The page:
Week 29 and a Look Back at Easter

While everything seems to be turning upside down this week, our food budget journey was pretty clear-cut.  With a budget of $150 and a self-imposed goal of $100, I spent $91 on groceries.  We missed the church meal this week due to having our Jeep towed, so we had to grab a quick meal out.  We spent just under $20.  That’s $111.  Not bad.

F got his report card on Monday.  To celebrate, he was able to choose our dinner.  He picked breakfast, so we had pancakes, eggs, sausage, and honeydew.  On Tuesday we had pasta with meat sauce and salad.  On Wednesday, we had our meal at the mall food court while we waited for the tow truck.  I had Subway.  Everyone else (excluding Charlotte) chose pizza.  Tonight we are having a chicken and biscuit casserole that I discovered in my new casserole cookbook (Thanks, Mom & Dad).  Friday will be meat loaf, macaroni & cheese, and broccoli.  Saturday is homemade fish sandwiches and mixed vegetables.  Sunday will be a leftover buffet!

Please visit the other food budgeters, but don’t forget to check out my Easter pictures below!

I’ve been meaning to share some pictures of our Easter visit with my husband’s parents.  We had a wonderful time!  Of course, it was sad to not be able to spend the holiday with the whole family, but what a joy to share Resurrection Day with Grandma & Papa.

Here is a look at our weekend:

Grandma and Charlotte enjoying the local botanical garden.
Papa and the boys at the garden.
The boys feeding some enourmous (scary!) fish.
My trio.

My favorite part of hosting a meal: setting the table.
Roses in teacups -- a simple and inexpensive centerpiece.
Simple Lemon Cake from Martha Stewart's Everyday Food

 

Shrove Tuesday

I didn’t even know what Shrove Tuesday was until we joined a church seven years ago that acknowledges the day with a pancake supper.  Now I can’t imagine missing it!  The church uses Shrove Tuesday (a.k.a. Mardi Gras) as a wonderful tool for teaching children (and adults!) about Lent and how we prepare to experience the resurrection of Christ at Easter.  Being far away from the annual supper and “pancake fling” (such fun!), we decided to have our own Shrove Tuesday Pancake Supper in our new home.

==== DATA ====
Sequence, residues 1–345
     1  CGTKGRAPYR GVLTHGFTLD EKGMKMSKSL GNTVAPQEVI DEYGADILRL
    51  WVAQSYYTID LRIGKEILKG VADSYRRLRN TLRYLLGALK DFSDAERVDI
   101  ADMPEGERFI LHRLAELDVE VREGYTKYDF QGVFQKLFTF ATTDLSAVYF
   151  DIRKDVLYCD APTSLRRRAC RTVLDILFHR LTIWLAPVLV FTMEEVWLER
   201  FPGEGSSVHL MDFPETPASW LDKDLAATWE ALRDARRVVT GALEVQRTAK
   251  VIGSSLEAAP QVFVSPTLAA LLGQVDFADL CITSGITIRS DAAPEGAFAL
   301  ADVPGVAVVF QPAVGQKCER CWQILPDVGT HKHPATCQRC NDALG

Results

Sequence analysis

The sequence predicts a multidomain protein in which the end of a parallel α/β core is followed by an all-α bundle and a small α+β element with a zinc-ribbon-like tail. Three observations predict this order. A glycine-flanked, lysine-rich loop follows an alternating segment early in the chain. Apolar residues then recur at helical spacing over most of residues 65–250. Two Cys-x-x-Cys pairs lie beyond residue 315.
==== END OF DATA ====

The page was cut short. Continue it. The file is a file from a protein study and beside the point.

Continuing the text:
The following link does a nice job explaining Shrove Tuesday:  http://www.faithclipart.com/guide/Christian-Holidays/origins_of_shrove_tuesday.html.  In our version of the celebration, we enjoyed pancakes, sausage, little doughnuts, strawberries, and iced tea.  We played with Mardi Gras beads.  We talked about the different ways that people acknowledge Lent, and we decided as a family to continue our Lenten tree tradition and add some acts of charity this year.  I find Lent to be a particularly exciting time for teaching children about our faith.  It’s bursting with potential lessons!

 

 

Getting it right…

My giving of Christmas cards was a bit haphazard this year.  I am claiming the “big move and new baby” excuse while I can get away with it!  But I want everyone to see our Christmas picture and some of the “out takes” on the way to getting it right.

Christmas 2011

I was finally satisfied with the picture above.  Whew…that’s a workout.  After our “photo shoot” was over and the rest of the gang was changing clothes and moving on to other things, Cory snapped a photograph of J in the window.  Somehow, this seems to truly capture Christmas.  The wonder, the waiting, looking out for what’s to come.

Epiphany

Every year, I wish we did more with the celebration of Epiphany.  We always wait to take down our decorations until the full 12 days of Christmas have passed, but I felt like we were missing an opportunity to look at the story of Jesus from a different angle.  Since we didn’t spend Christmas in our new house, it felt good to do more celebrating and more telling of that beautiful story on 12th Night and Epiphany.

Because the little guy fell asleep on the actual 12th Night, we merged all of our activities into the day of Epiphany.  (Maybe we’ll get it right next year!)  During the day, J and I baked a Three Kings Cake.

We had dinner (spaghetti and salad), and after clean-up, we all headed to the livingroom for our “undecorating party.”  We put on the Christmas music for the last time.  The boys didn’t hang around for all of the undecorating, but we gave them some specific tasks to complete.  They removed the ornaments from the tree and carefully placed them in a box for me to wrap and store.

All the lights, bulbs, greenery, and other goodies were removed, but our nativity scene stayed in the big front window.

We talked about the wisemen following the light to find the Messiah, and we went out to the driveway to make our own journey to the manger.